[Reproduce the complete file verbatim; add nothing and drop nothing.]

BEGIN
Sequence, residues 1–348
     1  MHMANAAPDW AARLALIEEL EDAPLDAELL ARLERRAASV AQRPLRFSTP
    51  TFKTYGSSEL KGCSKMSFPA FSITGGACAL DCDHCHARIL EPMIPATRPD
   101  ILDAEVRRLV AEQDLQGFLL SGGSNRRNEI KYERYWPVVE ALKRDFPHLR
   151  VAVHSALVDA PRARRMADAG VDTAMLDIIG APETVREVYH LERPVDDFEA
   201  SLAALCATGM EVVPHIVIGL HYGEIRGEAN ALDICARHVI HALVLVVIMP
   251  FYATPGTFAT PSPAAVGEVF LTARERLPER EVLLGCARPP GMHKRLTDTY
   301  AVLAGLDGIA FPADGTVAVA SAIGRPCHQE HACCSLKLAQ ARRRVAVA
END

Sequence, residues 1–348
     1  MHMANAAPDW AARLALIEEL EDAPLDAELL ARLERRAASV AQRPLRFSTP
    51  TFKTYGSSEL KGCSKMSFPA FSITGGACAL DCDHCHARIL EPMIPATRPD
   101  ILDAEVRRLV AEQDLQGFLL SGGSNRRNEI KYERYWPVVE ALKRDFPHLR
   151  VAVHSALVDA PRARRMADAG VDTAMLDIIG APETVREVYH LERPVDDFEA
   201  SLAALCATGM EVVPHIVIGL HYGEIRGEAN ALDICARHVI HALVLVVIMP
   251  FYATPGTFAT PSPAAVGEVF LTARERLPER EVLLGCARPP GMHKRLTDTY
   301  AVLAGLDGIA FPADGTVAVA SAIGRPCHQE HACCSLKLAQ ARRRVAVA